When I was 23 I had a job selling butterflies in glass cases in America. I worked for a guy who, as well as being a butterfly salesman, wanted to be America’s first Pope (an ambition he ditched on account of him wanting to marry). I drove all over the US, and ended up selling in 32 states. It was 1987, pre-internet, pre-mobile phone. I had a real sense of being in a land far, far away. At the time I was not a writer, but I told myself that if I ever was I would write about my butterflying days. It was nearly my first novel but ended up being my fourth. But I think the distance on the experience enabled me to create my own confabulation from the experience.


I’ve likened Joe to an Old Testament prophet in his zeal for speaking his mind to Christians. Was this something you planned for him as a character or did it come about naturally as you wrote him?

I had in mind a character who had a strong faith but who was not religious. Someone who was an iconoclast – in the true sense. A knocker downer of idols, an exposer of religious indulgence and indifference. So, yes, I think Joe is a bit of an Elijah – albeit a cheerier one. America at that time was awash with TV evangelists and they had a reputation for greed and corruption. But Joe is as much a salesman and scientist as he is a saint. And he’s a spinner of plates. The two literary figures that mainly informed his creation are probably The Cat In The Hat and Zorba (The Greek). Untameable, creative/destructive charismatic mavericks who sweep you along into whatever crazy scheme they’re cooking.


I love the poetry element to this book and the ballad feel it created. How did you get the idea for that?

It came early in the writing. Originally I had the idea that Llew was a travel writer, writing a guide book; but this was problematic in terms of what I wanted to do. I liked the idea of a book within a book and thought that perhaps the poems would add to the meta-element of this book being a written confession. A way of Llew expressing another layer of what he had experienced. It’s risky writing poetry for a novel; but I felt it was true to Llew’s sense of himself as a writer.


You’ve been involved in a wide range of writing – novels, non-fiction, documentary maker, TV script writer and film script writer – do you have a favourite?

The novel. It is the form in which you have the most freedom and the most artistic control. It’s also the most hairy, the most mentally taxing, and requires serious endurance. Scripts are essentially sets of instructions for others to interpret. The instructions need to work, of course; but others are going to bring their talents to bear on things. The collaborative element of film is (generally) a good thing. After a long stint in an office writing 100,000 words without much interaction or feedback or sense of anyone being out there, a script meeting seems like a party. Plus, in film everyone has an opinion about the script. Feedback is a major part of the rewriting process. If I only wrote scripts, I’d learn to direct; for cinema is still a director’s medium. TV is a bit more weighted to the writer and with the public appetite for long form TV, writers who are used to creating a rich narrative and complex world can really thrive in that medium. But there’s nothing like the high wire of starting a sentence. Adding another. And then another. And keeping it going for as long as you can get away with it.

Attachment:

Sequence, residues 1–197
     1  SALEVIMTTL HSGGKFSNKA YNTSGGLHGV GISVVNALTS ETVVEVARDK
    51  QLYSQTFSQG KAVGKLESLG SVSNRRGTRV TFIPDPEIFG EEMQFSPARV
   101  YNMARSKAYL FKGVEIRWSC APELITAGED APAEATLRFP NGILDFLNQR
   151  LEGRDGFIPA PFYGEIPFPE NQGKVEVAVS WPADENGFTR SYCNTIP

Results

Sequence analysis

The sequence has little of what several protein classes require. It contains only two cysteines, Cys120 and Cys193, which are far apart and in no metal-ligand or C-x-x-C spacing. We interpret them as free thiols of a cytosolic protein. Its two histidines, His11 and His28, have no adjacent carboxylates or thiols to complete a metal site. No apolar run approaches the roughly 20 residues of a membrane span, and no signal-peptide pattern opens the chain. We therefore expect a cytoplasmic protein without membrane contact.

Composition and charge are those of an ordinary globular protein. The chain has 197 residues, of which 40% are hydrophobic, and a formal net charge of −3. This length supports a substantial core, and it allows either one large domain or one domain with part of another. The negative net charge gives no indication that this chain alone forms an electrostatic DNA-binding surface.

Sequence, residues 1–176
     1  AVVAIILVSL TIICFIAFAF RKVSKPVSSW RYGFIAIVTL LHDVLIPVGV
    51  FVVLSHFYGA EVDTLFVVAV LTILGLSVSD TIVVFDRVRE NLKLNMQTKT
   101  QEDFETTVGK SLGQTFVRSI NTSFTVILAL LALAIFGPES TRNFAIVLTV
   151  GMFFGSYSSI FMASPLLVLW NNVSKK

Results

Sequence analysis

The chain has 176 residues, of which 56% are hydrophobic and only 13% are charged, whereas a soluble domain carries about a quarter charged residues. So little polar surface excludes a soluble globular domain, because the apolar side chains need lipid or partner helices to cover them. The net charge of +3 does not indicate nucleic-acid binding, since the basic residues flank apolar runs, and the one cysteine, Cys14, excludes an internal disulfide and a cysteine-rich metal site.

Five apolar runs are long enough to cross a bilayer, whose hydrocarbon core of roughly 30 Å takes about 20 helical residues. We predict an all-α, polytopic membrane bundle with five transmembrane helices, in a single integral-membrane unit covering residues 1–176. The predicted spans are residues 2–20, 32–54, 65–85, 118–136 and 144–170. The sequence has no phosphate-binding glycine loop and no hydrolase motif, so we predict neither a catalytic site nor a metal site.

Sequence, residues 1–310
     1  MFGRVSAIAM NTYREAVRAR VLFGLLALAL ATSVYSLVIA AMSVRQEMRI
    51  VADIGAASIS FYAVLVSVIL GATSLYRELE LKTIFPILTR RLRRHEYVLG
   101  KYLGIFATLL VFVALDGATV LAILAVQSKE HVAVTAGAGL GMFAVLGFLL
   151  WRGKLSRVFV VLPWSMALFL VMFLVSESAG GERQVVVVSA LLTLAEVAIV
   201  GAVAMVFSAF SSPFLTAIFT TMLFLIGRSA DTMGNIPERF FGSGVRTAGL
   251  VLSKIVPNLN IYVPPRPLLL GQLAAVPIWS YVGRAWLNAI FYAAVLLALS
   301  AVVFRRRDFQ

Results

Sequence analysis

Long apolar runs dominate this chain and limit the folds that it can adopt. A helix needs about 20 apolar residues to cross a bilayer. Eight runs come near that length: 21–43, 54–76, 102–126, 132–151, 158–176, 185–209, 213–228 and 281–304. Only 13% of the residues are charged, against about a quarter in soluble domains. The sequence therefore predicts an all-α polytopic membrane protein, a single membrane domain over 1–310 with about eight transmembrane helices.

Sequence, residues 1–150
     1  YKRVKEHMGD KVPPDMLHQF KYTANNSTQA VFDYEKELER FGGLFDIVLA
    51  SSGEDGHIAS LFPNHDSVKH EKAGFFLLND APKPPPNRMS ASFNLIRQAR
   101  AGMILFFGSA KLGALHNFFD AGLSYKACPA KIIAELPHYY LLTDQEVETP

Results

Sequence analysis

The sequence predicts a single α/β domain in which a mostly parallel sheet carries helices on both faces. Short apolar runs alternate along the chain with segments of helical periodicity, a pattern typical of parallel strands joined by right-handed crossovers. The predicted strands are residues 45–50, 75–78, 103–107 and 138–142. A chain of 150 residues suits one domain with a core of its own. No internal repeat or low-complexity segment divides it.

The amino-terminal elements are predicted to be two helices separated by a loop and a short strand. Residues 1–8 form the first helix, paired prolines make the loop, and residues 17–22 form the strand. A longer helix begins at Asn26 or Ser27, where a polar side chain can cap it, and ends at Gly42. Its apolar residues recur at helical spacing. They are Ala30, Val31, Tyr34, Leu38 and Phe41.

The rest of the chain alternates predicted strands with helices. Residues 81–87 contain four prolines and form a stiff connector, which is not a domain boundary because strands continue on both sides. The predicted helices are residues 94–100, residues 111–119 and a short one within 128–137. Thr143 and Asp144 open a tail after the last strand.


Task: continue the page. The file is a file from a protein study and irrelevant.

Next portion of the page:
Your last book, The Aftermath has just been made into a film. You’ve seen your work on screen before but as the story is loosely based on your grandfather’s experience in Germany after WW2, did it feel different this time seeing your story come to life?

The Aftermath KK crop
Keira Knightley as Rachael Morgan in ‘The Aftermath’.

It’s magical when you turn up on set and see an actor’s trailer, or several cameramen, or two catering crews and realise that all this stuff is here because a few years before you sat in a room and wrote a story that took you months and years, and that might never have seen the light of day let alone the lights of a film set. To give employ to so many! Yes! My job isn’t useless! The Testimony of Taliesin Jones was made into a film in 1999 and had a wonderful cast. There were so many thrilling moments in that process, not least having Ian Bannen and Jonathan Pryce ask me about the inspiration for their characters. The Aftermath is on a bigger scale and as I was this time a co-writer on the script I had a more intimate involvement with it. Going out to the shoots in Prague and Hamburg with my wife and then with the wider family including my Dad (who’s own father inspired the events that inspired the story) really was quite something. Seeing Keira Knighely on set (effectively playing my Gran) and then my Dad chatting to the actor (Jason Clarke) playing ‘his Dad’ was all quite exceptional. I have yet to see the finished film. But the early cut suggests it will be very intense, very moving, very beautiful and that Keira Knightley has maybe delivered one of the best performances of her life.